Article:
The torture debate is critical not only because it gets us to the core of our values, but because the danger to American cities is not from tanks and armies, but from individuals and their intentions. Saving thousands of American lives may come down to the gifts of a talented interrogator and the tools at his or her disposal. Remember that usually only in the movies does a prisoner spill the beans on an upcoming plot. As interrogators will tell you, information about terrorist activities tends to come in fragments that are assembled from scores of interrogations, even as the truth is distilled—accidentally almost—from a spewing forth of lies and subtle evasions. The front line of our defense against al-Qaeda and its offshoots is painstaking, tedious work that rewards those best able to fill in the blank spaces from a shattered jigsaw puzzle.
Interrogators, because they deal with a single combatant face to face for hours at a time, often develop more sympathy for the enemy than any one else in our security establishment. After all, the combatant, because he has a real face, becomes human to them. Such sympathy is necessary if they are to do their jobs well. “To defeat the enemy you first have to love them—that is, their culture,” an army special forces lieutenant colonel told me years ago in Afghanistan.
Good interrogators become masters at discerning body language and eye movements in the person they are questioning. Their worst enemy is not the inability to torture, but their own bureaucracy, which often doesn’t share vital information with its constituent parts. There is a lot we can do to improve the quality of our interrogations without torturing people.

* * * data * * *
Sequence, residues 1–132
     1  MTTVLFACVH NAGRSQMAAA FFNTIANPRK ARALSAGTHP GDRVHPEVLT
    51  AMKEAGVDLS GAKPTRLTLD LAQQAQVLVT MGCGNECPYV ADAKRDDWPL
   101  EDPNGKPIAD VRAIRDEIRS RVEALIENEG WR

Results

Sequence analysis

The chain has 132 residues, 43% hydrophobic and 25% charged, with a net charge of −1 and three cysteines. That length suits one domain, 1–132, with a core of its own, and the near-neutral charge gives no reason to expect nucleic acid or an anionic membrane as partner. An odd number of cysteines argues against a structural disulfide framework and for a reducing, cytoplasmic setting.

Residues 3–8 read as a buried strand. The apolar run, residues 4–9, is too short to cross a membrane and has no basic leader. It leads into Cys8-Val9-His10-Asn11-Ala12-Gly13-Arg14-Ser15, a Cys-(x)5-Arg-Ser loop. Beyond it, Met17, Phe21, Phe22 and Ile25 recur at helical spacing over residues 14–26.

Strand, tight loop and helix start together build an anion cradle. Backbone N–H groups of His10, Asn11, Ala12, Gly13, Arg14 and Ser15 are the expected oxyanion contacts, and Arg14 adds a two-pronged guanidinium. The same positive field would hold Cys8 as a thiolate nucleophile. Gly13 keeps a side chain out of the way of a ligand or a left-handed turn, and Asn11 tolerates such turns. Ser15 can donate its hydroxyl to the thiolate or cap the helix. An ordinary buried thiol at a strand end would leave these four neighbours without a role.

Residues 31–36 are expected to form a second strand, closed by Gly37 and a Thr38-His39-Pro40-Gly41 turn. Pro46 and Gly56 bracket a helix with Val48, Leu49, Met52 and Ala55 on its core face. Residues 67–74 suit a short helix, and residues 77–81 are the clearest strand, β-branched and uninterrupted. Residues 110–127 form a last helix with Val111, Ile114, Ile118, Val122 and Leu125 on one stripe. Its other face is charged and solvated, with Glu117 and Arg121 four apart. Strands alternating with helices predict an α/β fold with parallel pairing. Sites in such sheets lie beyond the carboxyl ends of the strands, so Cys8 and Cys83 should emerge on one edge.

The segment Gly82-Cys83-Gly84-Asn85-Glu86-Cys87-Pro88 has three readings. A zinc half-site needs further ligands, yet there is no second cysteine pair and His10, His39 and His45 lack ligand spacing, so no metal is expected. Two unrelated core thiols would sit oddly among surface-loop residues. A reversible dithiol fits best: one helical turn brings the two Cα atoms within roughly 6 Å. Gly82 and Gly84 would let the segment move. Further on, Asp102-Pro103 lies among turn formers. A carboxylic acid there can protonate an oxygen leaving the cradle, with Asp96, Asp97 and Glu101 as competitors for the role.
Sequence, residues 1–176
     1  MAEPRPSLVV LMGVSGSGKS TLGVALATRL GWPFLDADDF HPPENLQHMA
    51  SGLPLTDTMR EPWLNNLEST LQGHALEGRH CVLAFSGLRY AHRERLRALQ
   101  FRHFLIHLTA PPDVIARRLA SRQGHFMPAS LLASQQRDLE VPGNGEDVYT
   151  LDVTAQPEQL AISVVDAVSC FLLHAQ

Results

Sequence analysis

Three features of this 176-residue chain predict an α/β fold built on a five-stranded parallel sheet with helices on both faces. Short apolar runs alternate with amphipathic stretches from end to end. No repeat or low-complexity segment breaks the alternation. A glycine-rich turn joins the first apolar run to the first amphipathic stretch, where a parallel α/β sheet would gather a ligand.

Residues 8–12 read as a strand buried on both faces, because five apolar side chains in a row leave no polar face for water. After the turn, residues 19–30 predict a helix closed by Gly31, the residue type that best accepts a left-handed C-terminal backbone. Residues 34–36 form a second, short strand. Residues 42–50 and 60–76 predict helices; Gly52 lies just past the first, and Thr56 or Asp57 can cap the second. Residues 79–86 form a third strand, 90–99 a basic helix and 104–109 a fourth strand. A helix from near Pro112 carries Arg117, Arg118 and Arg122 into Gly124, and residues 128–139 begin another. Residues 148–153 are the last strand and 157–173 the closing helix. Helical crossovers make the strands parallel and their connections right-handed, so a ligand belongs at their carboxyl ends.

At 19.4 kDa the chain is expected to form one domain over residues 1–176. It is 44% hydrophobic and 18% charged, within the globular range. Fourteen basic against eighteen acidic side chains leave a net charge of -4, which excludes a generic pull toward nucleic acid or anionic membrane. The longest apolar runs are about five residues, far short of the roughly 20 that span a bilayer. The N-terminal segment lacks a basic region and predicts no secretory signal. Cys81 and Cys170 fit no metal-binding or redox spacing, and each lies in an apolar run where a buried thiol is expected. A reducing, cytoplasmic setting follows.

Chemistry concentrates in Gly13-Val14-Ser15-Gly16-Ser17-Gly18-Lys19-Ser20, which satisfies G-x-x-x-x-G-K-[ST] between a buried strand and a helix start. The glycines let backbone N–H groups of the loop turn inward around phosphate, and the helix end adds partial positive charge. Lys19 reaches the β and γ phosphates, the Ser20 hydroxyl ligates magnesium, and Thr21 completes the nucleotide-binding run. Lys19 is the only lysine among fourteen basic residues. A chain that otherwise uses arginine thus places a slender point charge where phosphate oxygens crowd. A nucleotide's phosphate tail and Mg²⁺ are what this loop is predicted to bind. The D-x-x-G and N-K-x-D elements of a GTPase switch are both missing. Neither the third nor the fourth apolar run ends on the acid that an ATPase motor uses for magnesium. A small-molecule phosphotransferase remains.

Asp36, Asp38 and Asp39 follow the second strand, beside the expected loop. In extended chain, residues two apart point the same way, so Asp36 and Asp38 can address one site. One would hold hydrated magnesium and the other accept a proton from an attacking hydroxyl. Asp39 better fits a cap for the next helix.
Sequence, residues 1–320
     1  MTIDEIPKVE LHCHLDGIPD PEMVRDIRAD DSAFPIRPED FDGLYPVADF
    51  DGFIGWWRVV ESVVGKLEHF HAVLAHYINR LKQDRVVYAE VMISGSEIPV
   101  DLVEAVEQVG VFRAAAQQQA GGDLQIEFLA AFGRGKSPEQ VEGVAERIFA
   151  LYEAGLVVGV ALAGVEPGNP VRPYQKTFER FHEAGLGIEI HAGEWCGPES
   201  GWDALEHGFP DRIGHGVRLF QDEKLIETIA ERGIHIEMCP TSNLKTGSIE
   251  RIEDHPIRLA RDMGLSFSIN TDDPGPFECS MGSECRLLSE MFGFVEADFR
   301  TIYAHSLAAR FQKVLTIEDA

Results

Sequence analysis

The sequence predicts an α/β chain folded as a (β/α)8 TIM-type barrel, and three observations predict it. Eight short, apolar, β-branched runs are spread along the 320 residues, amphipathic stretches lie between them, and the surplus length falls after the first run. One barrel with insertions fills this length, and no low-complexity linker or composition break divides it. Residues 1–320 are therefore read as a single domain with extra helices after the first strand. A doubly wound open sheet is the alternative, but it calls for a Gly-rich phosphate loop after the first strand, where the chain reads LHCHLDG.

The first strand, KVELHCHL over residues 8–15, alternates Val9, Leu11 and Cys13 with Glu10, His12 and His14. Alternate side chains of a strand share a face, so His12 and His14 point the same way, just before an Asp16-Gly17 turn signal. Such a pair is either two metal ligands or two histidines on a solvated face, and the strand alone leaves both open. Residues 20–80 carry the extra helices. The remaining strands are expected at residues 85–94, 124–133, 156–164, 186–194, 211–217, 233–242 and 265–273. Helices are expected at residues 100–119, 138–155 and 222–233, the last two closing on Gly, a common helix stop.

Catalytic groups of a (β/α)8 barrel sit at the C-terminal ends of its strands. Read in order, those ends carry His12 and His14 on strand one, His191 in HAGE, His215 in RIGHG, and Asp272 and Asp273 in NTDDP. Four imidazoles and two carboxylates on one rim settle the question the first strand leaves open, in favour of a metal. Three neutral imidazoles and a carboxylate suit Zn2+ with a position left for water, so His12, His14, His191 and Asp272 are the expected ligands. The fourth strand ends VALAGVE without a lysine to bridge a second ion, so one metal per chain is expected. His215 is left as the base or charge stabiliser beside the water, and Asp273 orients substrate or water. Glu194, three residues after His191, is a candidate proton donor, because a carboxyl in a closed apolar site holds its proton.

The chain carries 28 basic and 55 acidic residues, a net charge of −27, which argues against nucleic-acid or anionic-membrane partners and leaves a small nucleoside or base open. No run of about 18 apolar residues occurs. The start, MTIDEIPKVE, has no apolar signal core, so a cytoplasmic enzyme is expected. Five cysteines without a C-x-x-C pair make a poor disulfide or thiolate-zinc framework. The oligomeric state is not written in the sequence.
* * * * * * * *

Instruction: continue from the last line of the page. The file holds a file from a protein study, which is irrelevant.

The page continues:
'The Interrogators' and 'Torture': Hard Questions (January 23, 2005)
Robert D. Kaplan's review of Chris Mackey and Greg Miller's The Interrogators in The New York Times.
And yet the problem is not that easily solved. It nags at one. Stating flatly that torture doesn’t work is a narrow version of the truth. Torture may not work, but the fear of it can work wonders. When a prisoner is captured, you may want him to be roughly handled, and put in grim and disorienting surroundings, for that heightens the fear of what might happen to him next. “Fear is often an interrogator’s best ally, but it doesn’t have a long shelf life,” write Chris Mackey and Greg Miller, authors of The Interrogators: Inside the Secret War Against al-Qaeda, a very wise book by a former interrogator and a journalist. Fear can by extended for a time through clever techniques such as spreading false rumors. Example: the authors report that they received added cooperation from prisoners in Afghanistan after deliberately spreading a rumor that they were going to be sent back to their home countries in the Middle East in return for a $100,000 payment per man. But ultimately, as the weeks pass, and nothing bad happens to him, the prisoner’s fear fades and he becomes less useful. While torture is bad, the thoroughly humane approach, contrary to our desires, has its limits. And that is our dilemma.